In Alabama, Black Amazon Workers Vote Their Economic Interest
The failed unionization push highlights growing disillusionment with progressive priorities.
The political left has a complicated relationship with its black supporters. When blacks vote to help elect Joe Biden, they are celebrated. When they vote to help undermine the progressive agenda, they are in the way.
Smarter Democratic strategists have been warning for some time that the party has been moving steadily to the left of the average black voter on everything from crime and gay rights to school choice and immigration. Progressive politicians and liberal activists may want to ban charter schools, reduce resources for law enforcement and empty out the prisons—“No more policing, incarceration and militarization,” Democratic Rep. Rashida Tlaib tweeted this week—but polling shows that such ideas have little support among the black rank and file.
This growing disconnect between political elites and ordinary blacks was on display again last week when Big Labor’s attempt to organize an Amazon facility in Alabama with a workforce estimated to be 85% black was rebuffed by a vote margin of more than 2 to 1. In what has been described as a major setback for organized labor, 71% of the workers who cast ballots voted against joining the Retail, Wholesale and Department Store Union. The union’s president, Stuart Appelbaum, responded by suggesting the workers had somehow been deceived. “Amazon has left no stone unturned in its efforts to gaslight its own employees,” he told reporters after the vote.
The employees themselves offered a different take. They expressed satisfaction with the pay, benefits and working conditions at Amazon and said that paying dues to a union to address any complaints they did have was unnecessary. For years, organized labor has been working to gain a foothold at Amazon, the nation’s second-largest private employer after Walmart. These efforts have failed repeatedly, and no wonder. Amazon offers relatively high pay and good benefits. Blacks and Hispanics are 49.3% of its hourly workers and 20% of managers. And Walmart, which has also been fighting off unionization for years, offers competitive salaries and benefits while having a similarly diverse workforce.
Nationwide, black unionization rates are slightly higher than those of whites. This is in part because a higher percentage of blacks work in the public sector, where unionization overall is more prevalent than it is in private business. Among private-sector workers, however, black unionization has steadily declined over the decades, just as it has among other groups. And contrary to the suggestion of labor officials like Mr. Applebaum, it’s not because black workers are confused or have been hoodwinked. Rather, they are acting in their own economic interests, and they happen to be in good historical company.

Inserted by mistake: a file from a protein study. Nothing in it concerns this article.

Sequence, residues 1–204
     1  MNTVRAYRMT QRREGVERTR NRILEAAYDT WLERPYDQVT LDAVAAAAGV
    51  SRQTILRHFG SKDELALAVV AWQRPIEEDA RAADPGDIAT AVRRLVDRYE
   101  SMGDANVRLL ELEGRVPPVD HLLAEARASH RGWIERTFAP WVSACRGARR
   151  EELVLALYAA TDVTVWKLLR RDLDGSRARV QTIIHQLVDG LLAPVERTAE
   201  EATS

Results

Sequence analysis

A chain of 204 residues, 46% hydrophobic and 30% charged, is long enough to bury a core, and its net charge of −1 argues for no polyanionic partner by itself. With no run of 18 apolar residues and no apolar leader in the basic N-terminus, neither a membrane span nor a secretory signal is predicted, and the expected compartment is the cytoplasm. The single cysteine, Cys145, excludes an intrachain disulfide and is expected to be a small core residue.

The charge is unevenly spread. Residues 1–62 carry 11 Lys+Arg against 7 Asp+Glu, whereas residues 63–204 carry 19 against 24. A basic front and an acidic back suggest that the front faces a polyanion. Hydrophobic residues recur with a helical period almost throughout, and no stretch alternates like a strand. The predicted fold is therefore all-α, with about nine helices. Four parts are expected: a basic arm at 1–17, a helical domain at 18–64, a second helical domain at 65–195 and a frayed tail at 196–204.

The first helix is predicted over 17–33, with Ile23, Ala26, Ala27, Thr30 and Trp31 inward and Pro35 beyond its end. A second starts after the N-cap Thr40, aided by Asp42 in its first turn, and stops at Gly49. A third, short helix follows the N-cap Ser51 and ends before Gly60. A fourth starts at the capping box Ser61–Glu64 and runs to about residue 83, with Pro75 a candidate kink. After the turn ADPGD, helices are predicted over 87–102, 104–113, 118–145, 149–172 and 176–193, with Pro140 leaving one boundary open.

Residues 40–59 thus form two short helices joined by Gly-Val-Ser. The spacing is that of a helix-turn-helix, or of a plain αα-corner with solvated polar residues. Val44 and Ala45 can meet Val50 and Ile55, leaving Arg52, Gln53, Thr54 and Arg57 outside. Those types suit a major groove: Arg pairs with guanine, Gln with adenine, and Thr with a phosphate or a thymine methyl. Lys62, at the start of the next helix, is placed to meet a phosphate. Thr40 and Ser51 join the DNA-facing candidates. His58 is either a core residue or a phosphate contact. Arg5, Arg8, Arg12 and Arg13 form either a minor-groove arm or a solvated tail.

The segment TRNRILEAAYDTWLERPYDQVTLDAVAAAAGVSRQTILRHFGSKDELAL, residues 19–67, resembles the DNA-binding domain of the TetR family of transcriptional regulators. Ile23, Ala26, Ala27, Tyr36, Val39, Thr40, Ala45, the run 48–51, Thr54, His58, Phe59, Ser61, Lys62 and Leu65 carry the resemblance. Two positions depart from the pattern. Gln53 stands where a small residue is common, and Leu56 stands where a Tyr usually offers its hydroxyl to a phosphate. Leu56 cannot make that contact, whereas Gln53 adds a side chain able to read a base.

Black leaders of an earlier era, W.E.B Du Bois and Booker T. Washington, had their differences when it came to helping blacks advance, but there was little daylight between them on the subject of labor unions and black employment. Du Bois called them “the greatest enemy of the black working man,” and Washington wrote in the Atlantic Monthly that “the average Negro who comes to the town from the plantations does not understand the necessity or advantage of a labor organization which stands between him and his employer and aims apparently to make a monopoly of the opportunity for labor.”
Labor unions no longer openly discriminate against black workers the way they once did, but the union’s agenda still harms black employment prospects. Unions haven’t stopped attempting to “make a monopoly of the opportunity for labor.” And if you are a less educated or inexperienced worker, as a disproportionate number of blacks happen to be, a union’s ability to force companies to raise pay and benefits above what they would be in a free market only decreases your chances of employment.
In the name of helping the underclass, Democrats today work to keep big retailers that won’t unionize from opening new stores, even in depressed communities most in need of jobs and low-cost goods and services. In 2019, progressive activists and union leaders pressured Amazon into canceling plans to build a second headquarters in New York City’s borough of Queens. The company estimated that the facility would have created some 25,000 new positions, yet Rep. Alexandria Ocasio-Cortez strongly opposed the move and later celebrated Amazon’s decision to bow out. The lawmaker apparently believes that it’s better for certain New Yorkers to be unemployed than to be working at Amazon. Worse, she and her fellow leftists believe such decisions are theirs to make, even as polls showed that more than 60% of New Yorkers sided with Amazon.
According to the most recent jobs figures, New York City’s unemployment rate of 12.9% is significantly higher than the statewide average of 8.9% and more than double the national average of 6%. Amazon’s absence isn’t helping matters. Kudos, Congresswoman.
This piece originally appeared at The Wall Street Journal (paywall)
Jason L. Riley is a senior fellow at the Manhattan Institute, a columnist at The Wall Street Journal, and a Fox News commentator. Follow him on Twitter here
This piece originally appeared in The Wall Street Journal